There are many ways to exert political pressure, and perhaps the most influential strategy is through the controlling of educational institutions. Hong Kong universities are publicly-funded and have the Chief Executive as the Chancellor (N.B. Hong Kong universities follow the British system with vice-chancellor as president). As a result, many of the council members of universities are nominated by the Chief Executive and they represent the overarching presence of politics in the university scene. The recent drama involving the refusal of the council to appoint Professor Johannes Chan, Dean of the Faculty of Law of the University of Hong Kong, as pro-vice-chancellor call into question the academic freedom of the institutions; the University justified their decision to not appoint Chan based on the fact that he did not have a Ph.D and only moved up previously in academia because he is a “nice guy.”[9] Many challenge that the motivation to block his appointment was political, but nonetheless it shows that government-appointed council members hold a disproportionate amount of administrative power compared to actual academic staff such as the vice-chancellor. These incidents inevitably bring politics onto the Chinese college campus and reveal to Hongkongers that politics are seeping in from all aspects of life, even in the academia, which was supposed to be a sanctuary.

Looking over the strait at the current situation in Hong Kong, many Taiwanese treasure their democracy and voting system where they can freely choose between the candidates from the KMT and the opposing, pro-independence Democratic Progressive Party. The presidential election may be in January but early polls have seen the popularity of KMT plummet after their original candidate, Hung Hsiu-chu, proposed to have the PRC recognize the Republic of China (Taiwan) government but not the ROC as a state.[10] Even the chairman of the KMT did not agree with this view. This pro-union stance had come under great scrutiny in the political world after the Sunflower Movement, and led Ms. Hsiu-chu to become very unpopular within her own party. The KMT finally replaced her with chairman Eric Chu to become the 2016 presidential candidate in October.

It is always hard to balance economic and political interests, but the events in Hong Kong seem to have solidified Taiwanese’s stance to take the mainland’s economic agreements with a grain of salt. As the popular saying in Taiwanese protests go, “Today’s Hong Kong, tomorrow’s Taiwan.” Perhaps Hong Kong has become too integrated with China to ever be economically and politically independent, but at least Taiwan still has its choice. Now all eyes will be on the Taiwanese as the presidential election draws near in two months.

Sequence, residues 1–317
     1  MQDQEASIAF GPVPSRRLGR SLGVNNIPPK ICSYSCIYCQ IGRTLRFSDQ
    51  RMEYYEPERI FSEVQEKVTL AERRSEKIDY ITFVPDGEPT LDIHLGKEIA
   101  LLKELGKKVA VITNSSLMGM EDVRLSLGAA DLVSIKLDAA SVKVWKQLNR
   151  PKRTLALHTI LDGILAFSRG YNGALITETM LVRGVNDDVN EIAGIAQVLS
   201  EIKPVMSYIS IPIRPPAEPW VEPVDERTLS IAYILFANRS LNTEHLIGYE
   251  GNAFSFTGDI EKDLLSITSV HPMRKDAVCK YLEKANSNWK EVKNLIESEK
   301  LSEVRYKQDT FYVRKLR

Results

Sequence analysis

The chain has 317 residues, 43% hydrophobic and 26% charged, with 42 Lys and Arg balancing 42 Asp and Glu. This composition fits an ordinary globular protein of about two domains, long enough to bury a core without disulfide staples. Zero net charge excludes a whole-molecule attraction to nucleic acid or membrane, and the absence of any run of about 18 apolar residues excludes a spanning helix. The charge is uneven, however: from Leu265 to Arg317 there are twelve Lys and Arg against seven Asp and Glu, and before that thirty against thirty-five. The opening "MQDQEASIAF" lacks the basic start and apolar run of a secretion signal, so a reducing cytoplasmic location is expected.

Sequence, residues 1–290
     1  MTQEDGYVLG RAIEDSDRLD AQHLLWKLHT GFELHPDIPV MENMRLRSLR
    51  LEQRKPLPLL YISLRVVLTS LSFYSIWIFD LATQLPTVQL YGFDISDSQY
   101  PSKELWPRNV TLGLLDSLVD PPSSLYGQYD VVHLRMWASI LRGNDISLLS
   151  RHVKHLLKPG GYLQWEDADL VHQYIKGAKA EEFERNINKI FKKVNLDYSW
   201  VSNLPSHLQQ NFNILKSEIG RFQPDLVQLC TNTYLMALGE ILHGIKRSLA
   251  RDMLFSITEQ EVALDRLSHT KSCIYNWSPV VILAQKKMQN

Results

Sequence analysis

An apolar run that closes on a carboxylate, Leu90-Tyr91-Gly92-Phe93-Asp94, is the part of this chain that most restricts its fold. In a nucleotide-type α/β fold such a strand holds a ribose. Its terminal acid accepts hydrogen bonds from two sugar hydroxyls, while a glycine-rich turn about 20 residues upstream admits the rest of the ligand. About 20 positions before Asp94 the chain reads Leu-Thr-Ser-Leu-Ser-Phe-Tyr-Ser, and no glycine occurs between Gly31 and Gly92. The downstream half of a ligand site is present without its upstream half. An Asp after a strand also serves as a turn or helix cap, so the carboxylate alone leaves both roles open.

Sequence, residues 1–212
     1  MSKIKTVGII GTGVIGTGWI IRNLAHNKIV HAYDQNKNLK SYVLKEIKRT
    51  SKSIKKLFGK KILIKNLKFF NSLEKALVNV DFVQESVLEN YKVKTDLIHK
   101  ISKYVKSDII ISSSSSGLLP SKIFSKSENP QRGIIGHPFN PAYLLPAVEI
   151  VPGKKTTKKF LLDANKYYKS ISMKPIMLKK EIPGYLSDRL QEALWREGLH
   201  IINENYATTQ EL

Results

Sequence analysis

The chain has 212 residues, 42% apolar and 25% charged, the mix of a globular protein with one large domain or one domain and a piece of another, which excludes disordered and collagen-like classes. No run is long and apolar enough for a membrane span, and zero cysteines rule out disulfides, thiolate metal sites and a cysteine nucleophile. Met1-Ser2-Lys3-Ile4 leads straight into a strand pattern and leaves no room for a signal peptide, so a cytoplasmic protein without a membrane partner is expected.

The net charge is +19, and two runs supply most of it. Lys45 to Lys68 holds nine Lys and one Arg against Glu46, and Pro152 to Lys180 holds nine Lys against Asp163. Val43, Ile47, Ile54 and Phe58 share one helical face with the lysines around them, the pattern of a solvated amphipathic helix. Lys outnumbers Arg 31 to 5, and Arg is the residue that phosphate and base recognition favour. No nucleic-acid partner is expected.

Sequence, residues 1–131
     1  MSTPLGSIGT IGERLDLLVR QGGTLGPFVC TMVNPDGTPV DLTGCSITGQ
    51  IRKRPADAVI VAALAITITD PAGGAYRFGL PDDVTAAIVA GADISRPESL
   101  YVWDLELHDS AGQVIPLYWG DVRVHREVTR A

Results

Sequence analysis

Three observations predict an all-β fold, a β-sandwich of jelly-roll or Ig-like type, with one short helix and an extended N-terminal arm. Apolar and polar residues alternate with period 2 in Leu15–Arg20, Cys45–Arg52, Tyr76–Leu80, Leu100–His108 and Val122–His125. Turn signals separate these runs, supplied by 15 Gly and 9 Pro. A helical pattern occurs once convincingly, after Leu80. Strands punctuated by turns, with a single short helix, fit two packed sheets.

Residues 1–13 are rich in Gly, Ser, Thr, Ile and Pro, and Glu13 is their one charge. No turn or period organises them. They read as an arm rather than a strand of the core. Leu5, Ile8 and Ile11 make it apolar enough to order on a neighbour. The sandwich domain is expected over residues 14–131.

[1] “Full text: NPC Standing Committee decision on Hong Kong 2017 election framework”, last updated August 31, 2014. http://www.scmp.com/news/hong-kong/article/1582245/full-text-npc-standing-committee-decision-hong-kong-2017-election

  [2] “The Voice of a Generation”, published October 8, 2014. http://time.com/3482556/hong-kong-protest-teenagers/

  [3] “Concession Offered, Taiwan Group to End Protest of China Trade Pact”, published April 7, 2014. http://www.nytimes.com/2014/04/08/world/asia/concession-offered-taiwan-group-to-end-protest-of-china-trade-pact.html

  [5] “Taiwan’s Top Import Partners”, published April 12, 2015.  http://www.worldstopexports.com/taiwans-top-import-partners/2613

  [6] “Mainland and Hong Kong Closer Economic Partnership Arrangement (CEPA)”. Retrieved on November 2, 2015. http://www.tid.gov.hk/english/cepa/cepa_overview.html

  [7 ]“内地与香港CEPA实施九年 香港GDP年均增长5%”. Published June 12, 2012.


  [8] “Report on Monthly Survey of Retail Sales”. Published August 2015. http://www.statistics.gov.hk/pub/B10800032015MM08B0100.pdf

  [9] “港大否決陳文敏任命  他們的理由竟是……”. Published September 30, 2015. http://hk.apple.nextmedia.com/news/first/20150930/19315054